“One of our great strengths at Virginia Mason is that team members feel very connected to the organization and its mission.”
- Sarah Patterson
At Virginia Mason, things were going well. It was 2007 and the organization was in its sixth year of applying the Virginia Mason Production System (VMPS). Thousands of kaizen events had enabled Virginia Mason to provide higher quality, safer care, and do so more efficiently.
But data tracking results of the improvement events revealed a bothersome trend: In too many cases, improvement gains measured 90 days after the end of an event had slipped. Some slippage was to be expected, but what was concerning was Virginia Mason was only measuring 90 days post event. What would they find if they re-measured one year after the event? Would any of the improvements still be in place?
This challenge was hardly unique to Virginia Mason. Sarah Patterson, executive vice president and chief operating officer, spoke to many health care leaders around the country who were also confounded by their organization’s inability to sustain improvements.
“I talked to a lot of people who felt like they had to solve the same problems over and over, work unit by work unit,” says Sarah.
When Sarah and her colleagues analyzed the problem they went back to the roots of their work adapting the Toyota Production System to health care and realized there was an important module they had not studied in any particular depth. That choice had been made deliberately at the time – there was only so much Virginia Mason could handle at any given moment.
The module, called World Class Management, has three components:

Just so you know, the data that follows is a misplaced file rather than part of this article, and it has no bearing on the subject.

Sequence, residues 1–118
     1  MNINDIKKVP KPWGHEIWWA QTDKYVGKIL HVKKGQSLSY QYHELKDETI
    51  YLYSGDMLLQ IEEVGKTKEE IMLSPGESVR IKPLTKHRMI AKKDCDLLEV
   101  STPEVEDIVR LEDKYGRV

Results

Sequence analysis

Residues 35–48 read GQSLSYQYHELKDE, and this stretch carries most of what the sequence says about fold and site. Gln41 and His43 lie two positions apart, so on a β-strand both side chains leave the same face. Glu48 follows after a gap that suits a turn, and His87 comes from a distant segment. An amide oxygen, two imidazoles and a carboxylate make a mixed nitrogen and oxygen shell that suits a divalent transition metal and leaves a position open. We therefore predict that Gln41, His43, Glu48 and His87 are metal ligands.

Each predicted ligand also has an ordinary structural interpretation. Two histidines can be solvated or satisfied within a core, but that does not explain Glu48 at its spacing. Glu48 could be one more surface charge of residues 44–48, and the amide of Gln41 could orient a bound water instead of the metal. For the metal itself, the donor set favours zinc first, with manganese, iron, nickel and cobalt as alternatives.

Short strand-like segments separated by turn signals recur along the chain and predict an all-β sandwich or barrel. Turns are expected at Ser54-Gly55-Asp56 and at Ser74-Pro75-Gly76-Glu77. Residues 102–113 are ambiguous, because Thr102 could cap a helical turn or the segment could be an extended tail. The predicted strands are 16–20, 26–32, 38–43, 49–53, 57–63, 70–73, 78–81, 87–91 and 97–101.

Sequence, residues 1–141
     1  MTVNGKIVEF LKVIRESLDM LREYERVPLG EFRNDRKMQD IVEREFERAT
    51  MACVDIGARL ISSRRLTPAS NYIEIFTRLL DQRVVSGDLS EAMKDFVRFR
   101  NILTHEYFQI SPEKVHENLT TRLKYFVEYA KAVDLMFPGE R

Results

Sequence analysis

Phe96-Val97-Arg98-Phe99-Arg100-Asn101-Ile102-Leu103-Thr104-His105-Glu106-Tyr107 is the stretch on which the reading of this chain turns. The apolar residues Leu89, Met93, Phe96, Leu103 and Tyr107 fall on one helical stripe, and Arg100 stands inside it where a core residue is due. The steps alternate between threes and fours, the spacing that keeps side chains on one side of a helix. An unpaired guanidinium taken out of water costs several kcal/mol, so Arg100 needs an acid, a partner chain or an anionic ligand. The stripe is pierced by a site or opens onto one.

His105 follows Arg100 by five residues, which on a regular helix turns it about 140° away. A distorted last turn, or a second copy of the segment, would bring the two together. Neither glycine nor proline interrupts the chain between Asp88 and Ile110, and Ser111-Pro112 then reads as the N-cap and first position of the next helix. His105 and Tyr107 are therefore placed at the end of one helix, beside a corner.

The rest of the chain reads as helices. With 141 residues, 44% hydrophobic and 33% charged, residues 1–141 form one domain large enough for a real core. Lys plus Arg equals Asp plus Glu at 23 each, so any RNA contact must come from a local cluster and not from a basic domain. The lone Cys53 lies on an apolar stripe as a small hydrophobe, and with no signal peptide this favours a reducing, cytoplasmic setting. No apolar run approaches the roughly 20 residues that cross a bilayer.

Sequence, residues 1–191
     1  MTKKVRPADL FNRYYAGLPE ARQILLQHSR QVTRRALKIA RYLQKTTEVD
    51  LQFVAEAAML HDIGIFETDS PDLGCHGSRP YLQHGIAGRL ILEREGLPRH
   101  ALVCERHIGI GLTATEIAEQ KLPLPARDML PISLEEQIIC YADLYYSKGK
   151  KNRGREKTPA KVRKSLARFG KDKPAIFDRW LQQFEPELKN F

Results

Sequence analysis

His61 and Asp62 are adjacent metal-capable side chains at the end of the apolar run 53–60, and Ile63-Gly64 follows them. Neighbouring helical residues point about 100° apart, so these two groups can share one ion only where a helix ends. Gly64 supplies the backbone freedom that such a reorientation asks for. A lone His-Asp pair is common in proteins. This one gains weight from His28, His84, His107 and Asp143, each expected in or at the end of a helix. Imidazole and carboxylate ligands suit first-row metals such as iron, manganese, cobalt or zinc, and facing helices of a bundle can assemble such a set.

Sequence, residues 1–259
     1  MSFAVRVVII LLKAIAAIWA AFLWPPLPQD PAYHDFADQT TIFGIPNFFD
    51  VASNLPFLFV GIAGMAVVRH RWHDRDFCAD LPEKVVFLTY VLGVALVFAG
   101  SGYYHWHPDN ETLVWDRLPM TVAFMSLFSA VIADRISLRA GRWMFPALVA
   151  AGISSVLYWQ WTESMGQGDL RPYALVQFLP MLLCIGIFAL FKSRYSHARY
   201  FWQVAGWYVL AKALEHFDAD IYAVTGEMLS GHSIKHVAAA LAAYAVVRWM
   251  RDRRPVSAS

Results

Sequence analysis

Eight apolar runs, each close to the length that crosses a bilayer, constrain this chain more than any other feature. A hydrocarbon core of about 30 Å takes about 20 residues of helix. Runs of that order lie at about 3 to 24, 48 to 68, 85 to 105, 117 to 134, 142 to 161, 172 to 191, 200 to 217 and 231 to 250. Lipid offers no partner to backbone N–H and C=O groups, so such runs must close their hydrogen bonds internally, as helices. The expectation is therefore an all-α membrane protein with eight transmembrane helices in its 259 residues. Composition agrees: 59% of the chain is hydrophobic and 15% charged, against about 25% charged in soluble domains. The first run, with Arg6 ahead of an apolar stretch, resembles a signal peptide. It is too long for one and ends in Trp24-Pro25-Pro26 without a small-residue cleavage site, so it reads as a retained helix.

- Management by Policy (hoshin kanri), which is a method to provide focus, direction and alignment within the organization;
- Cross Functional Management, which provides alignment across the organization toward full customer satisfaction;
- And Daily Management, which is essentially standard work for leaders.
“Management by Policy provides focus and direction,” says Sarah. “It is really the process by which the organization determines what it will work on, how it will do the work and how it will measure the results.”
Sarah and her colleagues could see throughout the organization there could be better alignment on goals that really mattered. It seemed clear that Management by Policy (hoshin kanri) was designed to help improve how connected people felt to the work being done.
“We use it to set our organizational goals and direction for the year,” says Debra Madsen, associate general counsel and administrative director, Legal and Administration Operations at Virginia Mason. “The bottom line is in order to align and engage everybody in the organization on what the organization considers the most important work, you need a very inclusive process for setting your goals.”
Says Debra, “It shines a bright light on our most important goals so team members understand our priorities. It is a great way to establish goals and engage everybody in the process.”
In the past, to develop annual goals, executives would make a list. But that’s all changed. Now, under the hoshin kanri approach, there are four elements to annual goal setting:
- Check and Review
Reflection is an environmental scan to make sure multi-year plans are still focused on the right things. “We look at what is going on both in the national and local environment – do we have any big changes (health care reform might be a good example) that we need to take into account in our annual goals?” says Sarah. “We also look at internal data from our staff and patient satisfaction surveys – is there anything they are telling us that we should take into account?
“The reflection phase involves preparing a written analysis of our strengths, challenges, and opportunities both externally and internally, and then sharing it throughout the organization,” says Sarah. “This transparency is really critical. If managers and team members don’t know what the challenges and opportunities are, how can they possibly feel a sense of urgency and engagement?”